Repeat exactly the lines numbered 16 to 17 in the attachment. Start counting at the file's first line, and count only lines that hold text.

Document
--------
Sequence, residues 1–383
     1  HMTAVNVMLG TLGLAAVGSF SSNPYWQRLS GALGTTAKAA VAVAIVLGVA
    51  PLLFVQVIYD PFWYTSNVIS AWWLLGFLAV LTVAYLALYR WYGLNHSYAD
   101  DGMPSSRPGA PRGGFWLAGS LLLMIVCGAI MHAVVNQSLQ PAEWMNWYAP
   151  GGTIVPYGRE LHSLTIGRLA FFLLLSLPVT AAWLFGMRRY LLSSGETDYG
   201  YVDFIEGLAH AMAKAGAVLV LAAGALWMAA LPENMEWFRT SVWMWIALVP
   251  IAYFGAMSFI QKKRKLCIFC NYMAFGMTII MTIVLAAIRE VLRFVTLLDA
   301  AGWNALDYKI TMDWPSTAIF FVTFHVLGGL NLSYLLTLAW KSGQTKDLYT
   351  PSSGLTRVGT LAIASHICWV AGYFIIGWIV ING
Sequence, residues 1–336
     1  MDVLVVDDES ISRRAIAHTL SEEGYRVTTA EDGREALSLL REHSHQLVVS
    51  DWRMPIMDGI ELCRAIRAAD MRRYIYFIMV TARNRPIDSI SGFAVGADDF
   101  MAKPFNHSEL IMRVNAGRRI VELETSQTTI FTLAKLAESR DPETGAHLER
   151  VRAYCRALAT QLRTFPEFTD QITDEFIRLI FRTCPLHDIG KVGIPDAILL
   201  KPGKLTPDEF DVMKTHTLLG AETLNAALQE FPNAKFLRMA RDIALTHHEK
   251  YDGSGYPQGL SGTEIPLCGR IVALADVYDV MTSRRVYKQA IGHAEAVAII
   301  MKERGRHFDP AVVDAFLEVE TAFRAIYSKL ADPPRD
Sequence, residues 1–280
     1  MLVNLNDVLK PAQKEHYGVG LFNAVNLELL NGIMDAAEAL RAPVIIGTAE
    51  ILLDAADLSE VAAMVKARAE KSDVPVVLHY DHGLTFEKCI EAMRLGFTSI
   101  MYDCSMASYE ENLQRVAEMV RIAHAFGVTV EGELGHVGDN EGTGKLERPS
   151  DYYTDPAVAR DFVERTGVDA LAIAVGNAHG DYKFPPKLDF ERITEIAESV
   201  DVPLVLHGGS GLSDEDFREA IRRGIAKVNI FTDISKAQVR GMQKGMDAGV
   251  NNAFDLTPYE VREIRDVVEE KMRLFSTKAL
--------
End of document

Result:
   251  YDGSGYPQGL SGTEIPLCGR IVALADVYDV MTSRRVYKQA IGHAEAVAII
   301  MKERGRHFDP AVVDAFLEVE TAFRAIYSKL ADPPRD